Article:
H adley Garden Center
              Route 9, 285 Russell Street
                    Hadley, MA 01035

                       (413) 584-1423

 

           www.hadleygardencenter.com

 


Everything you need to make your garden grow!
For inspirational and educational information from reliable sources, stop by our clinics on Saturdays starting at 1:00. See you there.
The Mysteries of Houseplants Unveiled
with  Diane Klenotic
FEBRUARY 4

How to Grow Mushrooms
Alex Dorr
FEBRUARY 11

Pruning Explained and Demonstrated
with Dan Ziomek
FEBRUARY 18

All About Tomatoes
with Ryan Voiland
FEBRUARY 25

Bonsai
with Doug Taylor
MARCH 4

All Clinics are free and start promptly at 1 pm.  You may want to get there early to insure a seat.  Additional parking available next door at All About Learning lot.
Blue Bird Nesting

As we move into February and the days become warmer and longer, male Bluebirds start to think about raising a family. 

 It's also the time we should clean out or put up Bluebird nest boxes.  Bluebirds prefer open areas such as fields, orchards, etc.  They formerly used old fence posts or dead trees for nesting.  Nowadays they nest almost exclusively in nest boxes provided by us.  These boxes can be made from cedar or pine.  They should have sufficient air and water drainage and should have an opening that is 1 ½ inches in diameter.  Place your box 4 to 6 feet off the ground facing away from prevailing winds.  This orientation gives the young birds a tailwind to help them on their first flight.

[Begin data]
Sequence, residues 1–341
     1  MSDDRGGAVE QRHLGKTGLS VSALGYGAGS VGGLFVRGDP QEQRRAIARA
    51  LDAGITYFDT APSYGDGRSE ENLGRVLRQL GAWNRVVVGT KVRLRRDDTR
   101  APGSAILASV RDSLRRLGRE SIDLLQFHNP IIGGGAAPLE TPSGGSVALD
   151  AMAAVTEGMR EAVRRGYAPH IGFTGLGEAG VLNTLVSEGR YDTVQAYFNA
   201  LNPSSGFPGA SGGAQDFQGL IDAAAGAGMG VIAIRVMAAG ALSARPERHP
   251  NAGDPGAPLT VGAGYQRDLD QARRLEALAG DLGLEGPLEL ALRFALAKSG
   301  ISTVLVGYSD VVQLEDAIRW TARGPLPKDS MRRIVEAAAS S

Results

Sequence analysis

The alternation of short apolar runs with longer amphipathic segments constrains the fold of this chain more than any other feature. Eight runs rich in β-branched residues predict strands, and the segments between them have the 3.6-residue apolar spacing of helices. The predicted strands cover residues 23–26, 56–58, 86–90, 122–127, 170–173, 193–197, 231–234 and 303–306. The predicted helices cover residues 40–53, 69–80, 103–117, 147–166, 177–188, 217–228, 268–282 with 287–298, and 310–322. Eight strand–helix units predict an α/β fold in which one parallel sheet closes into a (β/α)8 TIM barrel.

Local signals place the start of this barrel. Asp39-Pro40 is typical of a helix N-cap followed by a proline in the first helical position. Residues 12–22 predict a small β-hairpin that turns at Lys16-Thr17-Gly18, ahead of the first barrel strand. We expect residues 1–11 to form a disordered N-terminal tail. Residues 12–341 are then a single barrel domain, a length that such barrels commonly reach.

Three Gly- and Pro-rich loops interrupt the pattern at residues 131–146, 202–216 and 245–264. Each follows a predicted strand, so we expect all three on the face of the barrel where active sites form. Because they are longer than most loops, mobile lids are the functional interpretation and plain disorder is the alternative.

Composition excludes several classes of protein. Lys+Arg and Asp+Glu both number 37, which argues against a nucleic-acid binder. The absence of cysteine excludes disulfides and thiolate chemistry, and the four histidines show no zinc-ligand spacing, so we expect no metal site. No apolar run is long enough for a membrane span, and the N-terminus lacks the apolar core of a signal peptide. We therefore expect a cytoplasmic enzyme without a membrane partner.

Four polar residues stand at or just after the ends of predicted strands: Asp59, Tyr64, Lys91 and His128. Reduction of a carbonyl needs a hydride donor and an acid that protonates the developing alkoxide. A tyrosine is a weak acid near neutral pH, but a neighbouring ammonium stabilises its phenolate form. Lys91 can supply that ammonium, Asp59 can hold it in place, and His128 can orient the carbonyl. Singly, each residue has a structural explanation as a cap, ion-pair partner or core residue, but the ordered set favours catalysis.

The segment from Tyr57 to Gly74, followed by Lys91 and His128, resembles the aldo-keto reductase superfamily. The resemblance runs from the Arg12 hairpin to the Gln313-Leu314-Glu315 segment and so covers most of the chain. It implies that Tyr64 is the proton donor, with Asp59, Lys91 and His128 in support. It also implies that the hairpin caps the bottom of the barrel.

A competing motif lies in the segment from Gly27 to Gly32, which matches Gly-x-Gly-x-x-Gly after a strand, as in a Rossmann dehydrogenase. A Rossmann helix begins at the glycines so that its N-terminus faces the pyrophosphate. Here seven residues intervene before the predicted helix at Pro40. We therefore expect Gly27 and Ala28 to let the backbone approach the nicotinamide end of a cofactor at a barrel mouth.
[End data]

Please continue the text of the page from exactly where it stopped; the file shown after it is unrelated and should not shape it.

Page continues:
At this point all we need to do is watch and listen.  We usually hear Bluebirds before we see them. Learn their call and be patient.  Once he finds a suitable box, he and his lady friend will come to call on it.  If it meets with her approval, a Bluebird family may soon call your backyard home. 
Pruning by Dan Ziomek

Spring is in the air and the sap is beginning to flow.  That means it's time to sharpen your pruners and shape up your yard.  Spring is a great time to prune most trees and shrubs and here's why!  

Healing occurs faster when sap is flowing upward, disease and insect pressure is at its lowest and the lack of foliage makes identifying problems much easier. 

 That being said, a few plants should not be spring pruned.  Maples, Birches, Dogwoods and Redbuds should all be avoided due to excessive bleeding from pruning cuts.  Additionally, plants that bloom in early spring (Forsythia, Lilacs, etc.) should not be pruned until after blooming.  

The best advice I was given  is : When pruning, remove any dead, diseased or crossing branches and then step back from the plant and assess its shape.  Quite often you will be done with pruning after removing these problems.  If not, continue to carefully remove branches until the desired shape is achieved.  

 
 
Valentines'  Day is  a perfect time to gift a plant, garden tool, birdhouse or gift certificate.
Hello Gardening Friends

It's a great time of year to get inspired.   We've got new inventory, a large selection of seeds,
a greenhouse full of beautiful plants and lots of time for advice. Talk to the experts at one of our clinics.   

Sincerely,

Tom and Janine Giles
and the Staff at Hadley Garden Center